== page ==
Log Illustrated - a publication from the Physics RoomLog 7 - Science Fact and Fiction
Log 7 - Science Fact and Fiction

Joyce Campbell's 'Logic of Behaviour'
Julainne Sumich


JC works with residues of scientific reality-stuff occurring naturally in the world. This residual science forms the matrix for a circuitry of behaviours, bringing to light an ugly beauty.

Here touching this thing.

In the tracks of an earlier series which foregrounded the rust-bruised pathology of everyday debilities, Campbell over recent years has gone home to the kitchen concocting no end of strange matter to store inside the fridge. Cooking up an alchemy of potato dextrose she provides the nutrients for the growth of a fungicidal culture. This cool stuff in petri dishes when exposed to light and warmth becomes a series of Fairy Rings [Fiat Lux 1997]. Works of exquisite delicacy, intriguing in their morphology and delightful in their seeming innocence-such that the hand mechanically reaches to examine and question as in childhood.

Around the same time parallel colonies appeared at the windows of Lopdell House in the exhibition Touch Lightly, doubleglazed to the outside panes. The double of glass acts as an insulator for these fullbloom chromatic inoculations.

The impression made by the convergence of permeating light and transparent plane logically suggests itself as the stuff of photography. Contact printing; direct imagery; a residual review of how the image comes into being without imposing on the surface-as far removed from the contamination of human intervention as is possible in the making of art. This sounds like "pure" art but is the sort of purity belonging to a colony where from the colour of their skin to the duration of their wander-rate, Campbell has the rights-to -ife over these organisms.

Spoors of Spores
Taken in at the breast and confirmed at the knee of her mother, Mary, scientist, Joyce's knowledge of photosynthesis by the age of seven was sufficient to educate those years older. This synthesis seems incipient in her initial approach to photography during adolescence with light, xrays and chemicals used in merging layers of the already-has-been with the direct image.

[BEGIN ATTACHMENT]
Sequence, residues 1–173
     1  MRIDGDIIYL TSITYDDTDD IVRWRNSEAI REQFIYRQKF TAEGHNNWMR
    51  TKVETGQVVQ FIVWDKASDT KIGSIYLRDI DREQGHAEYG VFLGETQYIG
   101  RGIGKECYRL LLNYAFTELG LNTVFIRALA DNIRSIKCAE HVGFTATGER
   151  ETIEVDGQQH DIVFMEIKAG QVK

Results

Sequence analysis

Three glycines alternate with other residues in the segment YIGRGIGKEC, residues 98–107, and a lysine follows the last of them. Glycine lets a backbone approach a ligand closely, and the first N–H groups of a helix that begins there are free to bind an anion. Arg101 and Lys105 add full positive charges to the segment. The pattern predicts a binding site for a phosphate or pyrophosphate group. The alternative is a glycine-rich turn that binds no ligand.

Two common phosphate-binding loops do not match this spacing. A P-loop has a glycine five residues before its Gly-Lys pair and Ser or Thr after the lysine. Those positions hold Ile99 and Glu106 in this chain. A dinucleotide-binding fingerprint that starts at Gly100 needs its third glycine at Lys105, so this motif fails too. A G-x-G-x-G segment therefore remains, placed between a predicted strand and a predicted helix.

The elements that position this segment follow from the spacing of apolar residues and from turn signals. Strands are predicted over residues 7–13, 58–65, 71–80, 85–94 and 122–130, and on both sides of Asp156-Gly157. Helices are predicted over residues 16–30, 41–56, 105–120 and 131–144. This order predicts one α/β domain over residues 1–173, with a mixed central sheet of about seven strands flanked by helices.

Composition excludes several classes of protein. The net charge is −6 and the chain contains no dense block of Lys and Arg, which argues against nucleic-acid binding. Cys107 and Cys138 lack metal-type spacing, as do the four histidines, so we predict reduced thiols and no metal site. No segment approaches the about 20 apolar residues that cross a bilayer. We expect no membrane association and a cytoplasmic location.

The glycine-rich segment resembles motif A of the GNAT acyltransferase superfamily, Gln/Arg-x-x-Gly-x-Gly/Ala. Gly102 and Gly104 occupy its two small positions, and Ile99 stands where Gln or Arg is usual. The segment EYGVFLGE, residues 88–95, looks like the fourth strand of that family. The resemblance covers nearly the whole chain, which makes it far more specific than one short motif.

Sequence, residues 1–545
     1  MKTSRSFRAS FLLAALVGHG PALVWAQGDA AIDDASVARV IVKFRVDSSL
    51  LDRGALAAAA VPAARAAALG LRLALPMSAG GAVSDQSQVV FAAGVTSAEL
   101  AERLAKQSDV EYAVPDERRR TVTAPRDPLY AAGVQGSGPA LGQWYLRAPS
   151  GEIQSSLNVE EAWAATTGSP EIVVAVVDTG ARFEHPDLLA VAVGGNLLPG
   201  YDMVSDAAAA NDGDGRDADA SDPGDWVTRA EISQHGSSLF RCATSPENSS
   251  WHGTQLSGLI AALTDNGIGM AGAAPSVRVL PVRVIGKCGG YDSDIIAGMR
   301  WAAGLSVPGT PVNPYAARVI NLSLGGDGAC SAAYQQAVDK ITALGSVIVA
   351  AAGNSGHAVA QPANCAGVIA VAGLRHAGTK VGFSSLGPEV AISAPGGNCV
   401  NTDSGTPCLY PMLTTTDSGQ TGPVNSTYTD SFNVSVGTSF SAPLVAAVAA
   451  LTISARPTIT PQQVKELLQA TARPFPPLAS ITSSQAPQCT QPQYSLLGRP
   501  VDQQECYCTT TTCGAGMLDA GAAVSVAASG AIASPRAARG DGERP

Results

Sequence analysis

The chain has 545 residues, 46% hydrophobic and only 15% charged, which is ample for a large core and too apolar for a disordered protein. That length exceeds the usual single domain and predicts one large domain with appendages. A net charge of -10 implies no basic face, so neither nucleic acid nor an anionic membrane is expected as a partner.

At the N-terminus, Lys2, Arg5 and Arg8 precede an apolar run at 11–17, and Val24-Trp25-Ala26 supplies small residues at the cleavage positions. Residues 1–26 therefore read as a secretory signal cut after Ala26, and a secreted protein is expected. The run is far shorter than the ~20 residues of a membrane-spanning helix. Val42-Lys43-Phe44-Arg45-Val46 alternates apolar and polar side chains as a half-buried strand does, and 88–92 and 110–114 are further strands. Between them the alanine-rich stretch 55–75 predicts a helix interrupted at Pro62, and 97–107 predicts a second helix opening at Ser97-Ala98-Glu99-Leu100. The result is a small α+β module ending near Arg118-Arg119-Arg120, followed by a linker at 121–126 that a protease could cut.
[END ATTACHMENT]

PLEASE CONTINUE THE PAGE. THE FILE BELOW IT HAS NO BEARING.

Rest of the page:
Integrally photosynthesised then, Campbell's processes can be said to `come naturally' to her. Finding no need for the death of photography [that-which-will-have-been prerecorded] she has begun to capitalise on the life and death of the organism through direct contact. The raw materials for tracking its development are already here in the specificity of her situated knowledge.

Location: Biolab.

  1. A rectangular glass plate is placed in a germicidal hood and flooded with U.V. light for 30 minutes sterilizing it and the surrounding air. Contaminants are excluded by this pressurised environment.
  2. Liquid sterile seaweed agar is poured into the plate and left to gelatinise.
  3. Gloved hands are sterilized. Tools-scalpel and wire loop-are sterilized.
  4. Gloved hands open a petri dish and pass the wire loop over a chosen colony of bacteria or fungi.
  5. Touch the wire loop to the agar in the plate-I inoculate.[1]
  6. If I want a single colony I use a scalpel-and prick the surface.
    If I want growth from the edges I stroke the surface there.
    If I want a `random' plague of growth I wave the spore-covered tool over the field of agar[2]

    - a sporing free-for-all.

In time these growths reach various stages of fullbloom depending on their DNA and available food. They wander randomly until running out of nutrients they spoor and then they die-just ripe for photography's cliché verre processing technique.[3]

Cliché verre
A Time Image